schools
(Left to right) Langford Mayor Stew Young, Sc’ianew First Nation Chief Russ Chipps, Songhees First Nation Elder Butch Dick and SD62 trustee Ravi Parmar break ground in Langford’s Westhills neighbourhood for Pexsisen Elementary School and Centre Mountain Lellum Middle School. Taken on Nov. 5, 2020. Photo by Shalu Mehta/The Discourse
West Shore

School district and First Nations break ground on Langford schools

Pexsisen Elementary School and Centre Mountain Lellum Middle School will welcome students in September 2022.
Shalu Mehta November 10, 2020

On Nov. 5, leaders from local First Nations and the Sooke School District (SD62) celebrated the ceremonial groundbreaking for two new schools in Langford’s Westhills neighbourhood.

Come 2022, Pexsisen Elementary School and Centre Mountain Lellum Middle School will serve West Shore’s growing population.

“As we gather today to bless the grounds for the two schools to be built here, we say thank you,” T’Sou-ke Elder Shirley Alphonse said as she blessed the land. “May the children who attend here have wonderful learning years.”

In an opinion piece, SD62 trustee Ravi Parmar said the names of the two schools were gifted to the school district from the Songhees and Sc’ianew (Beecher Bay) First Nations. Pexsisen, from the Songhees First Nation, means the opening of hands or to have one’s hands open. It is pronounced puck-see-sung. Centre Mountain Lellum, from Sc’ianew First Nation, has two meanings. Lellum, pronounced lay-lum, carries the meaning of house and the idea of community where children are raised. Centre Mountain is the result of a treaty settlement between Sc’ianew, Metchosin, Langford, provincial and federal governments.

“It’s no secret that our First Nations communities in Canada have been devastated with the loss of their language and culture. … Government used education as a means to remove First Nations children from speaking their language, their mother tongue, and having that sense of connection to their culture and community,” Parmar said at the ceremony. “What I know I’m most excited about is having students see the use of the language of their local nations and feeling a real deep connection to their language and culture and seeing that reflected in their school and in their school district.”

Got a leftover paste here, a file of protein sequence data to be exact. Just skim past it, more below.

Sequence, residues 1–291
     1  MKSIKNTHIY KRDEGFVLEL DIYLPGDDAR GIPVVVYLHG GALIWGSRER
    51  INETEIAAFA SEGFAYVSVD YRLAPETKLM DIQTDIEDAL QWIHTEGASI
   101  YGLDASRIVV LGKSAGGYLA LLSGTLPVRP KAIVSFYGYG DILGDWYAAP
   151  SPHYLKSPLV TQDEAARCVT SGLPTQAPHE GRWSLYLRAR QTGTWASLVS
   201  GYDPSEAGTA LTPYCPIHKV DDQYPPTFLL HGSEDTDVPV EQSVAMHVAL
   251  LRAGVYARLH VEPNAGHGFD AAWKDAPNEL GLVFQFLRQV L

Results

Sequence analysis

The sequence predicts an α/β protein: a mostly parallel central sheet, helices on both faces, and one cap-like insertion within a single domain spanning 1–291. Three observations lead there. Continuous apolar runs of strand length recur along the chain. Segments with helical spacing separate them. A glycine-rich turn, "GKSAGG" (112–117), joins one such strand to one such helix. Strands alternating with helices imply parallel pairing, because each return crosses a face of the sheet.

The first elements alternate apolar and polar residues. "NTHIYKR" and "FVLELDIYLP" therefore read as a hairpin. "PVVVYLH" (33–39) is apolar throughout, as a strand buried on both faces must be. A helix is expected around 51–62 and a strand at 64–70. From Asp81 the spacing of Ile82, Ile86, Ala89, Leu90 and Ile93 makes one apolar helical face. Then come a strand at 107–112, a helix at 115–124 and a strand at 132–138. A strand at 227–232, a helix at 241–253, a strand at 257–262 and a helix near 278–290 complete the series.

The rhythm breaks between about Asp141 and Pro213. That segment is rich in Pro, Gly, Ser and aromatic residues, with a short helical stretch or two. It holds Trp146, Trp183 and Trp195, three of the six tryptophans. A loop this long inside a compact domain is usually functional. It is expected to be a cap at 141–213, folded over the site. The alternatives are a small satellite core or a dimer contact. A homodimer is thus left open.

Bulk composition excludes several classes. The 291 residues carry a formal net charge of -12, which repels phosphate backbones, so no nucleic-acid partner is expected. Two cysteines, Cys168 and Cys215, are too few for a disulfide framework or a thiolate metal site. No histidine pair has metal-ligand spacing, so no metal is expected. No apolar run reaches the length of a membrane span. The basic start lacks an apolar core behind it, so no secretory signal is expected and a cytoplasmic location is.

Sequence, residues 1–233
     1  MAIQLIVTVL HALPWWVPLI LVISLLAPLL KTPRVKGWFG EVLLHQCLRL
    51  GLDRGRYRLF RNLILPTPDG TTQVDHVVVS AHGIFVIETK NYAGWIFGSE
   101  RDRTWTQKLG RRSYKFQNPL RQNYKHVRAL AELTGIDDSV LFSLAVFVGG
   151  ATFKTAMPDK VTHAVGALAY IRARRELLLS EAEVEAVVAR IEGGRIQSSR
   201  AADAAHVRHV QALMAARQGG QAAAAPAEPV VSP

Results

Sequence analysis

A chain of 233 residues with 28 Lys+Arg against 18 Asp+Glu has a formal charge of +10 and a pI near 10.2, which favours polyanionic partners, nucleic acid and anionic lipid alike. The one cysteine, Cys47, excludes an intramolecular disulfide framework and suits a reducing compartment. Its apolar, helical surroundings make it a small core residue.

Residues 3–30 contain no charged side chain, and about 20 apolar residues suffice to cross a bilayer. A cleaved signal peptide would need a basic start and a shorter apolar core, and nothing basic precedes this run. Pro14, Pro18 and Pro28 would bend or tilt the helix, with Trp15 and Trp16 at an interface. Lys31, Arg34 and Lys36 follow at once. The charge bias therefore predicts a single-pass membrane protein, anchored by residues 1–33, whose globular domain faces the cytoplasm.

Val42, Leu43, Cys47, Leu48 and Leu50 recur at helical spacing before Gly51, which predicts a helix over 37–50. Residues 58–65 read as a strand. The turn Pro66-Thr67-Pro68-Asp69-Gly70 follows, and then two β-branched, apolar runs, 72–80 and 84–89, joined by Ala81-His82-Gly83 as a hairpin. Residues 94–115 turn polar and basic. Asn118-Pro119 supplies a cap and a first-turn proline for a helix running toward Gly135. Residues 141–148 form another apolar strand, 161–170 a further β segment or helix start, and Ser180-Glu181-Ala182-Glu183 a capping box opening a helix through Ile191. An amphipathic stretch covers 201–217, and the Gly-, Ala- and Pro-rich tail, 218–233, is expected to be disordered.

schools
Pexsisen Elementary School and Centre Mountain Lellum Middle School in Langford will welcome students in September 2022. Taken on Nov. 5, 2020. Photo by Shalu Mehta/The Discourse

Elder Butch Dick of the Songhees Nation said pexsisen is an important word in the Songhees culture that takes on a special meaning in a school.

“It means two years from now children will be welcomed into the building with open hands,” Dick said. “It’s also a sign of gratitude and showing gratitude … to everybody involved in the construction of the building.”

He said it also means protection, which the teachers, principals and vice principals will extend to students in the school.

Chief Russ Chipps of the Sc’ianew First Nation said Centre Mountain Lellum means a place of coming together.

“Metchosin, Langford, Beecher Bay; we all stood together on that mountain and made a deal of coming together – equality,” Chipps said. “I’m hoping that gift can be translated down to the children of the school.”

Parmar said the 500-seat Pexsisen Elementary will have a neighbourhood learning centre attached to it, which other groups will occupy to offer services to the community. It will also have child care spaces. He said constructing the 700-seat Centre Mountain Lellum Middle School has been at the top of the school district’s list for many years and, with the partnership of the City of Langford, will have an all-weather playing field for students to use. 

Thursday’s ceremony ended with school district and First Nations leaders digging shovels in the ground to conclude the groundbreaking.

“The board of education and everyone in the Sooke School District is very much looking forward to welcoming students, families, staff and our community to these new schools when they open in September of 2022,” Parmar said in his editorial. “The connection our schools make with the land and the communities is a legacy we are making today that will be carried on for generations.”